Thursday, January 19, 2017

How (Not) to Become a Crabby Lady



Just what you needed today: three steps for becoming a Crabby Lady. It doesn't take much effort, because crabbiness comes naturally or is easily mastered.

1. Have adult temper tantrums when things don't go your way.

2. Keep telling yourself that other people are really the source of all your problems.

3.  Catalog your hurt feelings. Be sure to alphabetize them for easier access.


Crabbiness is such an easy habit to develop, but it's not a desirable way to live. Just like that crab on the sand, we could hurt someone with our snappiness. When we pinch people with words, they move away. Are we really intending to become repellant? Crabbing at people will achieve this goal, even if it's unintended.

It's not a problem when we have an occasional day that's just a bit "off character," but when it becomes our only mode of operating, it's time to evaluate what's truly bothering us.

Are you sniping because you hate your job?

Are you snapping because your calendar is overbooked?

Are you snarling because you don't feel well?

Are you being snarky because you're really upset about something else?

What's really bothering you? If it's changeable, are you working on it? If it's unchangeable, have you prayed for the grace to live within your situation? 

Life is so much like roses: it comes with thorns. The Apostle Paul had a "thorn in the flesh" that he didn't describe in detail, but he did mention that he prayed "thrice" (three times) that the thorn might "depart" from him. 


And lest I should be exalted above measure through the abundance of the revelations, there was given to me a thorn in the flesh, the messenger of Satan to buffet me, lest I should be exalted above measure.
For this thing I besought the Lord thrice, that it might depart from me.
And he said unto me, My grace is sufficient for thee: for my strength is made perfect in weakness. Most gladly therefore will I rather glory in my infirmities, that the power of Christ may rest upon me. 
(2 Corinthians 12:7--9 KJV)
Did you see God's response to Paul's request? God didn't rush in and provide instant thorn removal, but reminded Paul that he already had an unlimited supply of God's abundant and all-sufficient "grace." The Strong's Concordance describes this "grace" as follows: ...merciful kindness by which God, exerting his holy influence upon souls, turns them to Christ, keeps, strengthens, increases them in Christian faith, knowledge, affection, and kindles them to the exercise of the Christian virtues.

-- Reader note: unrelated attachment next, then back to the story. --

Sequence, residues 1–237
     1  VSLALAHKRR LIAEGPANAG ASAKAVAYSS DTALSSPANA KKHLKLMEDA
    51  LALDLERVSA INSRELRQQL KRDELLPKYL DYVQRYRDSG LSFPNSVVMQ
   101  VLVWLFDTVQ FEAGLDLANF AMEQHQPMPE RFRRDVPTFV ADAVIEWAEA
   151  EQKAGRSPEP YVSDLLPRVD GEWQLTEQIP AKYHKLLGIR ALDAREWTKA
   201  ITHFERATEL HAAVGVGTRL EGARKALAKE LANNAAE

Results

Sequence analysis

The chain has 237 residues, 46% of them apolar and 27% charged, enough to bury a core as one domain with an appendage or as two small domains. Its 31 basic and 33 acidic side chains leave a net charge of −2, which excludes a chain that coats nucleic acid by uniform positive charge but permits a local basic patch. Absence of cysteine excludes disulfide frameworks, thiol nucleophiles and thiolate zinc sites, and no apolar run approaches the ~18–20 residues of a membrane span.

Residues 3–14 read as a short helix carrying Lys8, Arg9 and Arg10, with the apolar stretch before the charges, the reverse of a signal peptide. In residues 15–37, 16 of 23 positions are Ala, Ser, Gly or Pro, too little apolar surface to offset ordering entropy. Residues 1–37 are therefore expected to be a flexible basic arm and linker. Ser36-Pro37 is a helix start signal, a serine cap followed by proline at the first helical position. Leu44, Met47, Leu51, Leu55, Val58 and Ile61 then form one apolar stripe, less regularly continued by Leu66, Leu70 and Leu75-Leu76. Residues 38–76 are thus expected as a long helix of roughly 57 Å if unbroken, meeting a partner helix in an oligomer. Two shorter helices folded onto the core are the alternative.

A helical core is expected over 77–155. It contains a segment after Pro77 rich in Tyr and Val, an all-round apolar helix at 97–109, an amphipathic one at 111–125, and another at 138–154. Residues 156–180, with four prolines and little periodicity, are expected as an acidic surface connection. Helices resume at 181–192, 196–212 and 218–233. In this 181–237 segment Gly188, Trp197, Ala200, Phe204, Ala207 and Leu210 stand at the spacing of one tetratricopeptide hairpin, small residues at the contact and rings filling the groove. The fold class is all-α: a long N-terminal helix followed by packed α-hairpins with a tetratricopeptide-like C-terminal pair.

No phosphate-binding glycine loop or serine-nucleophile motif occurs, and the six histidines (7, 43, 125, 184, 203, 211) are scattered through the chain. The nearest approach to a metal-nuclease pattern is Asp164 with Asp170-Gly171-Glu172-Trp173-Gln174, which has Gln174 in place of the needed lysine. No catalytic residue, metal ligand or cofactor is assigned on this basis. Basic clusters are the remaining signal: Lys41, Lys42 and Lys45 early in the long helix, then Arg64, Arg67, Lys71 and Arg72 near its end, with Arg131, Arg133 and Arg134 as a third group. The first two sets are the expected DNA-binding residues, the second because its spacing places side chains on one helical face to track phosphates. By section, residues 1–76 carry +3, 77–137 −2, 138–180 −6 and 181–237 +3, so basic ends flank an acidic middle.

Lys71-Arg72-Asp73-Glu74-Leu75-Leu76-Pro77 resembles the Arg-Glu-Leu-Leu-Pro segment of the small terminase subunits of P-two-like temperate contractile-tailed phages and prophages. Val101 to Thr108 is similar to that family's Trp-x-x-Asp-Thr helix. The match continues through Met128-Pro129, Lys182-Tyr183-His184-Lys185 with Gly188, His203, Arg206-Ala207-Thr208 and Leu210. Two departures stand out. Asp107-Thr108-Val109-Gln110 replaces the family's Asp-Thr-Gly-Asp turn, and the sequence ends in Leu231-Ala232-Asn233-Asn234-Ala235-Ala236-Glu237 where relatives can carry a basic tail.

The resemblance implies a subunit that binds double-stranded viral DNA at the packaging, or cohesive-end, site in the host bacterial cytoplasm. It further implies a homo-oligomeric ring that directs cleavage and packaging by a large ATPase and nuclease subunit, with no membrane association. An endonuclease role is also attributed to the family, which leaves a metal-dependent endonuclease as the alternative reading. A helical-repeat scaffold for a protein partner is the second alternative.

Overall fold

Whether you are in a changeable or unchangeable circumstance, handle matters wisely if you want things to turn out well. Dancing around the issue just keeps you from getting to the point. Hiding our feelings in a cloak of crabbiness is an unsuccessful tactic that usually ends in increased unresolved conflicts.

Don't pile on the crabbiness. Get to the source of what's wrong, and deal with it. Gently. Wisely. Prudently, with carefully chosen words. You don't want to become a permanent Crabby Lady. Graciousness is far more becoming.

Wise handling of matters leads to a good outcome.

He that handleth a matter wisely shall find good: and whoso trusteth in the LORD, happy is he. (Proverbs 16:20)




Writer's Block-Breaking Clogs

I am in the final stages of completing a ladies' devotional book, and I hit a WALL constructed of "Writer's Blocks." This happens for all creative types, and we have to be equally creative at breaking down the wall.

Today, I'm wearing my Mom's old clogs to break my writer's block. 


I took them out of the back of the guest room closet where I had tucked them away. I often forget where I've put things, but I was completely aware of their presence at all times. I opened the closet, reached for the clogs hidden behind a stack of boxes, and then hugged them.

"There she goes about her Mom again." If you've read my blog or Facebook posts since May 2015, you know how much I miss her. Can't hide it. Won't try.

The clogs were dusty, so I polished them and then I slipped them on. I've never been a fan of clogs, but Mom liked them because she could just walk into them and slip them off with ease. This means a lot when your mobility is limited.

Do you miss someone who has passed away? Do you have to stop yourself from reaching for the phone to dial their number?

I hope that you have something that allows you to remember your loved one. At first you may remember with tears, but try to remember some of the joy as well. As I wear Mom's clogs at my writer's standing-desk, I can recall how many times I thought to myself: "Clogs don't go with every outfit."

But my Mom was so classy, she could pull it off. 

Here's to finishing a devotional book, in Mom's clogs, with her photo on the wall next to my desk. I am so eternally grateful for the powerful influence Mom had in my life. I hope to honor her by doing a few simple things: I want to live justly, with mercy, and walk humbly with my God. 

That would honor both God and Mom.

"He hath shewed thee, O man, what is good; and what doth the LORD require of thee, but to do justly, and to love mercy, and to walk humbly with thy God?" (Micah 6:8)

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